Two Toledo Area Property Owners Reverse Plans for Biosolids Amid Robust Community Opposition


At least two property owners who had been behind a plan to spread biosolids on their fields on the Layton Prairie near Toledo have made the decision to withdraw their lands from consideration for the project after opposition grew swiftly in the community.

The landowners, Dan Ritola and Greg Armstrong, made their decisions amid outcry from the community over Tribeca Transport LLC’s plans to spread class B biosolids on 210 acres in Layton Prairie. The company was in the application process with the Washington state Department of Ecology.

Biosolids are the product of a treatment process conducted on sewage that can be applied to the ground in an effort to add more nutrients to the soil as a type of fertilizer.

“Ecology issues a general permit for biosolids approximately every five years,” said Peter Lyon, southwest regional office section manager for Ecology’s solid waste management program. “Tribeca is already covered under that permit to apply biosolids in various locations in Cowlitz County and some counties in Eastern Washington. What they submitted an application to my office for is to add to that permit.”

Prior to the announcement by the landowners, Lyon said he and his staff were in the process of reviewing the application.

According to Ecology, Tribeca Transport initially found about three property owners to sign off on having the biosolids applied to their land.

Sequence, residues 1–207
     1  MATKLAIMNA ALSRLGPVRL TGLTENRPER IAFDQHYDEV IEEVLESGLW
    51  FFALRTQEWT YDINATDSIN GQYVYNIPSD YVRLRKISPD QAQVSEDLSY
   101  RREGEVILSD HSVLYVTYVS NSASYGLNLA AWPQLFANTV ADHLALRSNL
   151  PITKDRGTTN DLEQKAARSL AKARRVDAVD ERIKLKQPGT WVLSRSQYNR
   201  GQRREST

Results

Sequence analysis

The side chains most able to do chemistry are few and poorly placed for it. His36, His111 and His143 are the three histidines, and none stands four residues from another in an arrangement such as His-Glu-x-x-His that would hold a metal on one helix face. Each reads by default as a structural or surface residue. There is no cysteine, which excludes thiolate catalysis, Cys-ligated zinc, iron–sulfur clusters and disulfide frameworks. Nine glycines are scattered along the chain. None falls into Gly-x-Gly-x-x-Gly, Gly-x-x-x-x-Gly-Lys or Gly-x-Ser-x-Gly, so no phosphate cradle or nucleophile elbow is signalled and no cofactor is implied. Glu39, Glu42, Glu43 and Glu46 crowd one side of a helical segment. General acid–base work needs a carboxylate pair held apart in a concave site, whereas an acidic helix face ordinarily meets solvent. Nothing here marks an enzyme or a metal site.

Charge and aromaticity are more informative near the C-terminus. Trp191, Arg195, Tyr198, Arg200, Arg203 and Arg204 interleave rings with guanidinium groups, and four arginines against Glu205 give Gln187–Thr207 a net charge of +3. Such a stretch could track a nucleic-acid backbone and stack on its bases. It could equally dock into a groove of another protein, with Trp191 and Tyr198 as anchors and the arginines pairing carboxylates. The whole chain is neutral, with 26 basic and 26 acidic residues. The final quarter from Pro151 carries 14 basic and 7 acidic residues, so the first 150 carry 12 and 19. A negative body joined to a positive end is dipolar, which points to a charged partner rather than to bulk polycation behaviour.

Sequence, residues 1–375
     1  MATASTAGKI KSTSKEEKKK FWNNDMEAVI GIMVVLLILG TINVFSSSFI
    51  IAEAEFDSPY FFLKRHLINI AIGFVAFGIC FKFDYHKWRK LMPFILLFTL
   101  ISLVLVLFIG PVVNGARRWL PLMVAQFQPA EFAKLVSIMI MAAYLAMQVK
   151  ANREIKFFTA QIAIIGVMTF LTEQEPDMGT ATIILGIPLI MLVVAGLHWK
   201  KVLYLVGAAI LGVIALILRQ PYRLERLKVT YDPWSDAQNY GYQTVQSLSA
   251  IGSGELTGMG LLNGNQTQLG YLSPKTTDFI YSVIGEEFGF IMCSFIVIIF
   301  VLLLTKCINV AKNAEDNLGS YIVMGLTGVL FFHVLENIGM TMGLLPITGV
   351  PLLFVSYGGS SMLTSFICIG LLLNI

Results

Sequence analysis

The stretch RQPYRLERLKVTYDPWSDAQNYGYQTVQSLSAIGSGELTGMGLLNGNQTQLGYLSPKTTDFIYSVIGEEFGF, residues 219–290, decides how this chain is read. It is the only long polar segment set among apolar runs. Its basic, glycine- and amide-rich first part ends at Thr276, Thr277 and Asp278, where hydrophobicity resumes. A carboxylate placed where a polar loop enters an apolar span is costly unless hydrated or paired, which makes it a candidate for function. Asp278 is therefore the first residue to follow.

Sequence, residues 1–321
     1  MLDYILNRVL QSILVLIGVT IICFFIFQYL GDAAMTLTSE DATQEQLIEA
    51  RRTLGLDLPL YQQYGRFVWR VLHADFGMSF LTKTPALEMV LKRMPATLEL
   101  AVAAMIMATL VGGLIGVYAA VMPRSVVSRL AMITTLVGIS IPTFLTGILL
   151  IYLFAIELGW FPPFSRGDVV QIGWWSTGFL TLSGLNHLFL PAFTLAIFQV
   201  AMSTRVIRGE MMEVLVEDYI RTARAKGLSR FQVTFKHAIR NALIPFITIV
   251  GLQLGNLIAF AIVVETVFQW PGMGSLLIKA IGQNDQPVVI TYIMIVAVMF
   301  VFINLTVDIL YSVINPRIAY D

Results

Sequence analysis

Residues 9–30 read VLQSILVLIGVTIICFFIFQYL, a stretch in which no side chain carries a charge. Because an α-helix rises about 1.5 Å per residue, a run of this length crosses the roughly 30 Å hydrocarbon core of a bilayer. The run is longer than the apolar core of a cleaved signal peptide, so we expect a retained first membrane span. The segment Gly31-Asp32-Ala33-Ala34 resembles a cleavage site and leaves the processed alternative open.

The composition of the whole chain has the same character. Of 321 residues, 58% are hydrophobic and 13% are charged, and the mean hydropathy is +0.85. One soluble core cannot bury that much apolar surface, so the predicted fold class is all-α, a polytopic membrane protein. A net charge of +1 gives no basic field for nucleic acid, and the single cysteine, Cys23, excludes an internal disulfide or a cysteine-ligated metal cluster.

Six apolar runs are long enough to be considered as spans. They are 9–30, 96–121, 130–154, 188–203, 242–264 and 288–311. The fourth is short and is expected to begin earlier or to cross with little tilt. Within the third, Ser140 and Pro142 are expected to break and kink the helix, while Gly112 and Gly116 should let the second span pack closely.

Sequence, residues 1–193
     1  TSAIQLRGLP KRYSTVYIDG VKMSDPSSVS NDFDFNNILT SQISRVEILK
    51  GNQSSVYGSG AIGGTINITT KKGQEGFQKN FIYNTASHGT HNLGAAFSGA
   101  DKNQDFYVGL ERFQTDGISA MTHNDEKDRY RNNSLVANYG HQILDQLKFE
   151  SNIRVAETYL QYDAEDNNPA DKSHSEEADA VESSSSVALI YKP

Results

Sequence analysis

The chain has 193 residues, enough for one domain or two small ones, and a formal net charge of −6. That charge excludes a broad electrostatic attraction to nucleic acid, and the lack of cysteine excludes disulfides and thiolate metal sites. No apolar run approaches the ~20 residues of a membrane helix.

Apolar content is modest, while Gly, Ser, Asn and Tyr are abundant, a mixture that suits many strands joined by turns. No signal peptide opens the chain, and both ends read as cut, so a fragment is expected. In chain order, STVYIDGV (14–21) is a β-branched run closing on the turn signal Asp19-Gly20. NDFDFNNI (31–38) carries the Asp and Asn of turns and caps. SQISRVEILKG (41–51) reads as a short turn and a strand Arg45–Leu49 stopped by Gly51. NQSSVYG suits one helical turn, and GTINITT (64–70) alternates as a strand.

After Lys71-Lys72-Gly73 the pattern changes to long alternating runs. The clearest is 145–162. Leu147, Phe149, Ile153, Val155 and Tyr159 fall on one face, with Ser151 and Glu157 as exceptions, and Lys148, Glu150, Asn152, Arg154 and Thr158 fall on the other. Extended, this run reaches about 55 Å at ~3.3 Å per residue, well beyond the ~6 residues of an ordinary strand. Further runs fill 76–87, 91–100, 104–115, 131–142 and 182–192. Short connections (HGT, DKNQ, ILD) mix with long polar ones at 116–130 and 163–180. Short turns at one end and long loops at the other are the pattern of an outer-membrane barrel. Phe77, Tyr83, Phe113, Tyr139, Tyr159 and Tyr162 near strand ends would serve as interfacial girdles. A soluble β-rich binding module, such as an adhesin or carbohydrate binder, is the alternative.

Both Ritola and Armstrong made the decision to withdraw their land from consideration in the application due to the unrest the application has caused the public. 

“It’s causing too much trouble in the community,” Armstrong told The Chronicle.

In an open letter to the Toledo community, Ritola said his decision was in response to the issue “that has begun to divide our community.”

And the division in the community has been substantial.

For the second Sunday in a row, more than 100 Toledo area residents and interested individuals attended a “Toledo Citizens Against Biosludge” meeting, with the March 6 meeting being held at Toledo Newlife Assembly.

In the letter — which Ritola wrote before the second “citizen’s against” meeting — he insisted that the application of biosolids to the land “is a common farming practice that happens around us commonly without our knowing or concern.”

Ritola wrote that the practice is within the confines of the law, but “my feeling of our situation is different.”

“For reasons that are not clear to me, our situation has become derisive and has caused pain in the community. … What is important to me is to remove the cause of the concern,” he wrote. “Effective immediately, we will suspend any plans to apply biosolids on our lands.”

Ritola reiterated to The Chronicle that he doesn’t want his actions on the matter to cause further division in the community.

With Toledo residents still amassing to fight the idea of biosolids being applied in the area, biosolids land application opponent Richard Honour was the guest speaker at Toledo Newlife Assembly Sunday.

Honour spent much of his time speaking about the harm biosolids pose to humans, particularly addressing the role that microplastics found in the biosolids have in the degradation of human health. 

“Microplastics and nano-plastics … are like magnets for toxic chemicals,” Honour claimed. “Everything that goes down from domestic sewage, medical sewage, industrial sewage, stormwater runoff — it adheres to these microplastics and ends up in the soil.”